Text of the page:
INDIANAPOLIS (AP) Butler spent more than a decade as America's favorite NCAA Tournament darling.
The little school that could became a trendy upset pick, a favorite among dog-loving basketball fans and a model program for other Division I mid-majors. It strung together a resume that made some of college basketball's biggest names jealous - nine tourney appearances in 14 years, four trips to the Sweet 16 and back-to-back national runner-up finishes in 2010 and 2011.
Today, Butler has outgrown its underdog status. When the fourth-seeded Bulldogs open play Thursday in Milwaukee, they will be the favorite after earning the highest seed in school history.
''I think it speaks to the quality of our season and the work we've put into it throughout the year,'' coach Chris Holtmann said after the pairings were announced Sunday. ''But seeding doesn't really matter because at this time of the year, anyone you play is going to be good.''
The Bulldogs understand that notion better than any school in this 68-team field because they spent so much time on the flip side.
In 2000, they nearly ended Florida's run to the national championship game - in the first round.
In 2001, they upset Wake Forest for their first NCAA Tourney victory.
In 2003, they stunned fourth-seeded Louisville to reach their first regional semifinal.
Seven years later, the Bulldogs embarked on their most ambitious journey of all, going from a No. 5 seed to within a buzzer-beating heave of beating Duke in a national championship game played eight miles from their campus. Butler made it back the next year in Houston, too, as an eight-seed, only to be undone by the worst shooting percentage (18) in championship game history.
Over the years, star players such as Andrew Chrabascz have heard the tales and learned the lessons about how Butler did it.
But mostly, those points were reinforced by the daily reminders sprinkled throughout Hinkle Fieldhouse.
''That's what makes Butler so special,'' said Chrabascz, an undersized senior forward from Rhode Island. ''You have these banners reminding you of what is so special, of what has happened at this school.''
And what could still come.
This season the Bulldogs (23-8) have been anything but Cinderella.
They handed defending national champion and top overall seed Villanova two of its three losses. They beat second-seeded Arizona and ninth-seeded Vanderbilt on a neutral court. They beat sixth-seeded Cincinnati, eighth-seeded Northwestern and 13th-seeded Vermont and Bucknell at home. They swept 10th-seeded Marquette, split with 11th-seeded Providence and won road games at ninth-seeded Seton Hall and 11th-seeded Xavier.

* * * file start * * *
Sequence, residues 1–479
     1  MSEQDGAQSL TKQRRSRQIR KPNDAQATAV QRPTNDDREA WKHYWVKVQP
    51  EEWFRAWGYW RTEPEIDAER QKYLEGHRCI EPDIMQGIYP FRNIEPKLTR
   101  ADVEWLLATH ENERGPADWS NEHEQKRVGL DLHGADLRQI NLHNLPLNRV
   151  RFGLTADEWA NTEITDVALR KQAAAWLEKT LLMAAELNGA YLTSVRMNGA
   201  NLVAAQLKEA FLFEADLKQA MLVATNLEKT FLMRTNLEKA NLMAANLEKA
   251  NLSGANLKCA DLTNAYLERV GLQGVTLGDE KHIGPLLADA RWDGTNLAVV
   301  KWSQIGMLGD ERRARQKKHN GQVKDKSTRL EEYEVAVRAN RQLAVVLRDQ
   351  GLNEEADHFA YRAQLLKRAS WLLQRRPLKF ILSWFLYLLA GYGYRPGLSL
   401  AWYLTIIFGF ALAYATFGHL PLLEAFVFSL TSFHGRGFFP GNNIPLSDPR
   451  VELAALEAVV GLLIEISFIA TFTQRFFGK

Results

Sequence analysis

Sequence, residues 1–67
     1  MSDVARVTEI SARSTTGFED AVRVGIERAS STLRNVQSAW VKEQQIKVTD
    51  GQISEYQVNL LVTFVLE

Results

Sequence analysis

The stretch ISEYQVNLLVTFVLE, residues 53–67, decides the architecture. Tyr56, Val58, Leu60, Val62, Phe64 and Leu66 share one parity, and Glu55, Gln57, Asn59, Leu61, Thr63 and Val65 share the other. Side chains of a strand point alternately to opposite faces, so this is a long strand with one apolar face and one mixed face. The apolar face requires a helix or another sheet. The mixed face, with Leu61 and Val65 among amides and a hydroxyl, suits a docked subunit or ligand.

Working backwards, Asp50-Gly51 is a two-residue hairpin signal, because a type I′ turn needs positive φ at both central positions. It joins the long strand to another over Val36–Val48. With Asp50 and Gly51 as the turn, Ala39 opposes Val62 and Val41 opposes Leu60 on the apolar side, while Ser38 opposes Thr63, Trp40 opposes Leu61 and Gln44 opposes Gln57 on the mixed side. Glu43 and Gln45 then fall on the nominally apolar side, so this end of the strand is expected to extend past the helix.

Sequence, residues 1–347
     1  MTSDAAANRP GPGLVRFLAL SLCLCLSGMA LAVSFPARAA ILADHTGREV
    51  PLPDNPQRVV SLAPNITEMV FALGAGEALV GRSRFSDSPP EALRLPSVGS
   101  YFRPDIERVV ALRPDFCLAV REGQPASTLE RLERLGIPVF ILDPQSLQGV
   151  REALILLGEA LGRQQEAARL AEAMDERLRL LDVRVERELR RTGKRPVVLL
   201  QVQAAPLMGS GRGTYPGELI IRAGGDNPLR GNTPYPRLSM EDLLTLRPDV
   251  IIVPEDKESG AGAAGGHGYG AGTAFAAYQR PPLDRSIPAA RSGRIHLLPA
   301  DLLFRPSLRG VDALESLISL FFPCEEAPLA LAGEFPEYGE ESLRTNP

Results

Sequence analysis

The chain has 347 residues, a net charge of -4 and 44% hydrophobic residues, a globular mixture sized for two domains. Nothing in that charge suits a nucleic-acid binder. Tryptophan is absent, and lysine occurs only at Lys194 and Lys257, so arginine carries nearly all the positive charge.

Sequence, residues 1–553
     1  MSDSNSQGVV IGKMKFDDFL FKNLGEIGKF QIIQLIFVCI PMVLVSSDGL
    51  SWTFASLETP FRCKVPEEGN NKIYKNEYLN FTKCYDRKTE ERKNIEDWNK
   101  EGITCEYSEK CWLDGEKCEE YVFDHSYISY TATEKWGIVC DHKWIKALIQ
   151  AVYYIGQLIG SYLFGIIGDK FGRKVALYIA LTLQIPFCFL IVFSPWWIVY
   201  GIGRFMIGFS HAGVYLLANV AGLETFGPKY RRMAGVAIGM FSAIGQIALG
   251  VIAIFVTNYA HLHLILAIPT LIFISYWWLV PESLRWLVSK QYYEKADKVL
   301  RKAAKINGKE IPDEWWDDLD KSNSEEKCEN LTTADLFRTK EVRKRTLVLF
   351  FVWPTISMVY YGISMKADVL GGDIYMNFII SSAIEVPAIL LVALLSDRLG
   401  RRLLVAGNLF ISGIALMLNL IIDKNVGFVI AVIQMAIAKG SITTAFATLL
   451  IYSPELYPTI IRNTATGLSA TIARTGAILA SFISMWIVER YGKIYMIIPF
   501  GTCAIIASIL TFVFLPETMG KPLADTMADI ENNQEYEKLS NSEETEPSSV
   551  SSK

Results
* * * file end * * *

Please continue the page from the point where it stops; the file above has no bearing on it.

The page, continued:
They're 14-5 against the tourney field.
Next up is 13th-seeded Winthrop, a team that looks a lot on paper like those old Butler teams America fell in love with.
The Eagles lost two games to tourney-bound teams, at Florida State and at Dayton, but beat Illinois. They shared the Big South regular-season title, swept three games to claim the conference's automatic bid and have a chance to pull another upset exactly 10 years after knocking off Notre Dame.
Winthrop (26-6) has one of the nation's most dynamic scoring guards, Keon Johnson (22.5 points), and a junior-senior dominated rotation.
So this year, Butler must flip the script.
''Those four-13, five-12 games have really been a 50-50 proposition the last few years,'' Holtmann said. ''It really all depends on how you play and it's going to be a test and a great challenge.''
But success hasn't changed Butler's unique style.
Players arrived to Sunday's selection show party following a two-hour practice at Hinkle Fieldhouse.
Nobody dared to discuss any potential future matchups, and many, including Holtmann, were just grateful to receive one of the precious at-large bids.
How much has changed?
A decade ago, recruiting players to Butler with the promise of making the tourney field any given year seemed about as implausible as the Bulldogs playing for a national title. Today, it's the reality.
''I always watched the tournament growing up and I always wanted to play in the tournament,'' said grad transfer Avery Woodson, who chose Butler over VCU and Mississippi rather than staying at Memphis in part so he could appear in his only NCAA Tournament. ''When you get that chance, you have to take advantage of it.''
Holtmann wouldn't expect anything less from Butler as the underdog or the favorite.
''I don't think you get into this tournament and think it's going to be easy or you'll have the wrong mindset,'' he said. ''It's not a rite of passage and we don't want to act like it's a rite of passage.''
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